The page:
Friday, 2 November 2012

I started giving my boy finger snacks but I'm absolutely terrified that he may choke himself with it. There is some tips for those of you who have similar fears.



Will I know it when I see it?

Yes. Choking means that your baby is trying to get air or dislodge something that's partially obstructing his or her airway. Your baby may be choking if he or she has trouble breathing, is making unusual sounds, or is gagging, coughing, or wheezing. The skin may turn red or blue, and he or she may lose consciousness.

What should I do if my baby starts choking?

If your baby can cough, cry, or make sounds or words and he or she appears to be breathing adequately, then the airway isn't fully blocked. Your baby will probably be able to clear the obstruction alone, and the best thing a parent can do is stay calm and be reassuring.

But if your baby is gasping for breath, turning from red to blue, looks panicked (wide eyes, open mouth), or appears unconscious, then yell for help and ask someone to call 911 immediately while you try to clear the airway:

If (and only if) you see the obstructing object, do a finger sweep to clear it. If you don't see the object, don't put your finger in your baby's mouth, as it may push the object farther back in the throat.

Hold your baby facedown over your forearm, supporting the chin in your hand. Keep your baby's head lower than the rest of the body.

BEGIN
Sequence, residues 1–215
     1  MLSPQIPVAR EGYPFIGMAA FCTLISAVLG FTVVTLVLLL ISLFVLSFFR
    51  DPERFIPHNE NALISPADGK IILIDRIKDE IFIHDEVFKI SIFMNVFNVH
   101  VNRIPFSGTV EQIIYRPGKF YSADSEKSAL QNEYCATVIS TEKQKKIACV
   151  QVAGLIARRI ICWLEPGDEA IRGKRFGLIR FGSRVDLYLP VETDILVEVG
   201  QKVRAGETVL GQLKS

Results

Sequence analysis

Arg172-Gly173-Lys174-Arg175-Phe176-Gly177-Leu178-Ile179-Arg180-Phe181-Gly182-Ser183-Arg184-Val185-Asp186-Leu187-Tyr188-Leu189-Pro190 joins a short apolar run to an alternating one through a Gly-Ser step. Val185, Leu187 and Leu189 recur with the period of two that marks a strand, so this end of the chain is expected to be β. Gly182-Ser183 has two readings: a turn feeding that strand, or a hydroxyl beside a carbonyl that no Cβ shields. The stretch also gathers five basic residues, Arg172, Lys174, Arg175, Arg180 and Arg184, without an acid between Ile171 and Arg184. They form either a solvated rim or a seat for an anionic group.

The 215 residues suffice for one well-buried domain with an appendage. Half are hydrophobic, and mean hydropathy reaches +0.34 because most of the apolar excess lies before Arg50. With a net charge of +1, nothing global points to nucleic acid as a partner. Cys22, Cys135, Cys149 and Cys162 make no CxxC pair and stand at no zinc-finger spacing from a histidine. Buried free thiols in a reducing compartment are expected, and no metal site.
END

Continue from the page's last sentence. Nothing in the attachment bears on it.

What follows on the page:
Give your baby five back blows: quick, firm-but-gentle thumps with the heel of your hand between the shoulder blades – remembering that a baby's internal organs are fragile.

If your baby starts coughing, let him or her try to expel whatever is it that is being choked on rather than inserting your fingers in your baby's mouth to remove it.

If your baby doesn't cough up the item, carefully turn him or her over. Put two or three of your fingers just below an imaginary line running between your baby's nipples. Give five chest thrusts (push straight down on the chest 1/2 inch to 1 inch, then allow the ribcage to come back to its normal position).

Continue the sequence of five back blows and five chest thrusts until the object is forced out or your baby starts to cough. If your baby starts coughing, let him or her try to cough up the object.

If your baby becomes unconscious at any time, you'll need to start rescue breathing or CPR for infants. Otherwise repeat the steps above. Continue to do the best you can and get help as quickly as possible
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What are good ways to prevent choking?

Give your baby age-appropriate food (mashed or strained foods and safe finger foods), supervise him or her during feedings (don't feed in a rush or in the car), and always have him or her sit upright when being fed. Don't let your baby play with small objects, toys that have small parts, or containers of baby powder. Follow the age guidelines on toys – they're based on safety, not just educational value or developmental skill. Also use caution when giving teething medication, as it could interfere with your baby's gag reflex.

Choking is one of the most common causes of death in children, so every parent and caregiver should take a class in infant CPR.

What if I suspect that my baby has swallowed something?

It's common for babies to swallow small objects (such as coins), which usually pass through the intestines without causing harm. But if you notice excessive drooling or an inability to swallow, a dramatic decrease in appetite, or if your baby indicates he or she is feeling pain where an object may be stuck, call your baby's doctor or go to the emergency room immediately.

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